Nurses, caregivers on front lines of aging populations:As baby boomer population's age goes up, so do their medical needs

2013-08-04T10:00:00Z 2013-08-05T15:15:05Z Nurses, caregivers on front lines of aging populations:As baby boomer population's age goes up, so do their medical needsChristine Bryant Times Correspondent
August 04, 2013 10:00 am  • 

As the Baby Boomer population continues to age, geriatric care has become a field to watch.

In 2010, there were 40.3 million people age 65 and older in the United States, according to the U.S. Census Bureau. In 2050, that number is projected to hit more than 88 million.

This presents a challenge for senior living centers and at-home caregivers, who are at the front lines of caring for this aging population - and their increasing medical needs.

"One of the biggest challenges is expanding services to address the diverse needs of the assisted living population while providing excellent care at an affordable cost," said Cindy Schafer, a registered nurse and clinical supervisor at St. Anthony Assisted Living in Crown Point.

About 60 percent of baby boomers - a generation born in the two decades following World War II - have been diagnosed with at least one chronic medical condition, according to the Commonwealth Fund.

Many of these conditions require the assistance of senior living facilities and at-home nurses, though residents' needs can differ from requiring a little help with daily living to physical therapy.

"The degree of our residents' needs varies greatly, especially over the past five years," Schafer said. "Our state is now requiring people to be much more dependent in order to transition into a traditional nursing home. Therefore, their needs have to be addressed in a different environment."

While some patients' needs require a stay in an assisted living facility, others can rely on nurses and caregivers who visit them in their homes.

"Since patients' stays at hospitals seem to be shorter than in years past, home care services are greatly needed," said Jill A. Barr, community relations liaison with Franciscan Home Care Services and a home care nurse.

The care of a patient becomes a team effort - a team that includes physicians, nurses, home health aides, social workers and therapists.

"Some patients want to stay in their homes and are able to do so," Barr said. "For others, due to a medical condition, it's not possible, or even safe."

Knowing a loved one is safe and has an opportunity for socialization, Schafer said, is especially important when working with Alzheimer's patients.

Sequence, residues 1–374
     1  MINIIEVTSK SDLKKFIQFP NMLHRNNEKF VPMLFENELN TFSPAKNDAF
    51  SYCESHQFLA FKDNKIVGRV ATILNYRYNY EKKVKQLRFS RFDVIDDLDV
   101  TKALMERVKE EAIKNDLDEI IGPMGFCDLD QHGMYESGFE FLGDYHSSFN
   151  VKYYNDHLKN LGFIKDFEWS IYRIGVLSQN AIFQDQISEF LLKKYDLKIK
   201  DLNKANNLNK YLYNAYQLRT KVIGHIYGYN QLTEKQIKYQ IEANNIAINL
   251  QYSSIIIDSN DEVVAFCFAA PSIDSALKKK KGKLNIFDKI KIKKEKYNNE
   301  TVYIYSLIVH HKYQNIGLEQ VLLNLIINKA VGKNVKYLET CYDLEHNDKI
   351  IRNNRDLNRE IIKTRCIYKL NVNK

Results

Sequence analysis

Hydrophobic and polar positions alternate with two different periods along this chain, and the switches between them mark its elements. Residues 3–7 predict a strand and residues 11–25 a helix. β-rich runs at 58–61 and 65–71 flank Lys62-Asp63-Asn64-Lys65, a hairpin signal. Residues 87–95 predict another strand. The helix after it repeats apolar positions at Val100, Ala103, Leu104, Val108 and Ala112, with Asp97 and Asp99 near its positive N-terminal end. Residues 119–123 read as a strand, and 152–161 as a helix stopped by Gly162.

"There are so many diseases and chronic conditions that our residents deal with on a daily basis, but I think that Alzheimer's disease, or just dementia in general, has become so prevalent in this population," she said.

Gina Kelly, president of ComForcare in Valparaiso, said as a provider of private home care services, she has experienced this first-hand.

"We have seen a major increase in dementia and Alzheimer's clients," she said.

Estimates vary, but some experts suggest as many as 5.1 million Americans may have the disease that slowly destroys memory and thinking skills.

"We also have clients who are recovering from hip surgeries, stroke patients, congestive heart failure, Parkinson's and much more - all with different needs," Kelly said.

As home health care has changed, Marsha Leonard said she has observed more residents wanting to age in place and in a home-like situation.

Leonard is the executive director of Rittenhouse Senior Living of Portage, and said because the needs of the baby boomer generation are so diverse, meeting each resident and family member's expectations is her staff's biggest challenge.

"Quality care looks different to each and every one of us," she said.

Though many residents at Rittenhouse Senior Living live independently in many ways, they still may need help with medication assistance, dressing, grooming and incontinence care, for example.

"Nurses are a vital part of our community," Leonard said. "Seniors are wanting to age in place as much as possible. Nurses in our community allow that to happen."

With health care reform on the nation's doorstep, Schafer said the senior living industry as a whole is going to be challenged with providing more care out of the hospital setting.

"Something that we would typically have sent one of our residents to the hospital for evaluation and treatment in the past will likely be addressed in house in the future," she said. "This will cause a demand for more nurses and clinical staff in the assisted living setting."

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